When making decisions to suspend workers for their conduct, it is important that employers follow their own policies and procedures which are often set out in a company’s HR manual.  It is just as important that you are also familiar with the HR manual so that if an allegation is ever made against you, you know where you stand.  

Take this recent case as a great example.

 

What happened?

A worker suffered a psychological injury for several reasons, including how he was treated in the workplace with his boss making vague allegations about his behaviour.  The process began to suspend the worker but despite specific procedures laid out in the HR manual the worker was not advised of all information being considered in the decision.  He was then suspended without being given an adequate chance to respond.  Not long after, the employer found there was insufficient evidence to support the allegations and advised the worker he could return to work.  Unfortunately, by this time, the worker’s psychological injury had worsened as a consequence of this treatment and he was unable to return.

So who won?

At trial, a single judge found that the worker had suffered a psychological injury as a consequence of his treatment at work.  Yet he also found that the employer had taken “reasonable administrative action in a reasonable manner”.  In other words, they’d followed the right process in the circumstances.  As lawyers for the worker, we did not believe this was the correct application of the law and appealed this decision.

Then what happened?

On Appeal, the Full Bench of three judges overturned the decision and found in favour of the worker.  They said that in the circumstances the employer had not acted in a reasonable manner and found that the worker should have been given the relevant information they relied on to suspend him and given an opportunity to respond.  They also referred to the significant relevance of the employer’s HR Manual and the employer’s failure to comply with clearly set out principles.  It found the employer was bound to follow the promises as set out in the HR Manual, including specific procedures when dealing with unsatisfactory performance, discipline and termination.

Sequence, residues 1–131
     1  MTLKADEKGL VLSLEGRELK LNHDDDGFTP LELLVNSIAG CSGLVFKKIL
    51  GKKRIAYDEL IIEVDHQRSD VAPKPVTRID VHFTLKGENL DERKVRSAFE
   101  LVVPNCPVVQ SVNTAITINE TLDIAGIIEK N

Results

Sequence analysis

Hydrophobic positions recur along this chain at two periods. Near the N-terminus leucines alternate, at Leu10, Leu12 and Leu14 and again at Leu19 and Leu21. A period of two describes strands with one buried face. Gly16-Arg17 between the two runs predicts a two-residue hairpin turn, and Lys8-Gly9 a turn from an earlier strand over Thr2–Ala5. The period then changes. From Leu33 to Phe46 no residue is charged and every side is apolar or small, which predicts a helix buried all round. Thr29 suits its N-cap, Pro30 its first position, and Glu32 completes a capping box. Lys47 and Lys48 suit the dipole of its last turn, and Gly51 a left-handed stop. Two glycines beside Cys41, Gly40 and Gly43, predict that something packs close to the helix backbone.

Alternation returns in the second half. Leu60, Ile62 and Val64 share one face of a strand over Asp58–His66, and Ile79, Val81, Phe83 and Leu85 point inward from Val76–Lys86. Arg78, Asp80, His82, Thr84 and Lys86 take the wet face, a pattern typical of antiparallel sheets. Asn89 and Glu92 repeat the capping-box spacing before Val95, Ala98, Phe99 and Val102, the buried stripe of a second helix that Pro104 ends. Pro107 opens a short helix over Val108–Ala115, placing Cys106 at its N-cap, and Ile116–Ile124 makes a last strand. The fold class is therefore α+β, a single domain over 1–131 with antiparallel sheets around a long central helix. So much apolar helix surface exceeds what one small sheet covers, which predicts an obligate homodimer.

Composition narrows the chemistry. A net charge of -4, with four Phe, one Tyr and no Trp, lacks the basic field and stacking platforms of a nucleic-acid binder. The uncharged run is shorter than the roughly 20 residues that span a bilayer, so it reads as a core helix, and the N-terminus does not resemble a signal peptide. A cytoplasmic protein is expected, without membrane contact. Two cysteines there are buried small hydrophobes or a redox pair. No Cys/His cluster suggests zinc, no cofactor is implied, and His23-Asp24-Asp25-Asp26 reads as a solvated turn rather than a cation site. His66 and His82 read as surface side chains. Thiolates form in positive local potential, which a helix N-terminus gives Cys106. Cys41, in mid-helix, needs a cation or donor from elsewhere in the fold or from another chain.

So, what’s the lesson?

Make sure you know your rights in the workplace and become familiar with the HR manual and its processes. You may never need to use it but if there’s a dispute, it could be extremely important.  Secondly, visit a lawyer as soon as you can as complicated workplace issues can seem overwhelming and you’ll need help and support to understand your rights and achieve the right outcome.

 

If you have been involved in a similar situation and are wanting advice on how to act, call us today on 1800 324 324 or send us a message.

 

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Capital Gains Tax

Can you explain the changes to Capital Gains Tax?

There have been some important changes to Capital Gains Tax or CGT Withholding for property transactions over $2 million dollars.  The Federal Government introduced some new changes which commenced from 1st July 2016, which is the CGT Withholding Requirement on purchases.  This means that vendors basically don’t get their 10% of the property sale/transaction funds until the obligation is completed.

Does this apply to all types of property?

Yes.  This applies to all types of property.  Commercial property, residential property, primary producing property.  It also applies to consideration for when the market value is over $2 million dollars.  It also applied to matrimonial transfers, deceased estates, gifts and any transactions on any property where the market value is over $2 million dollars.  Whether it is a consideration or not.

Is it a big change?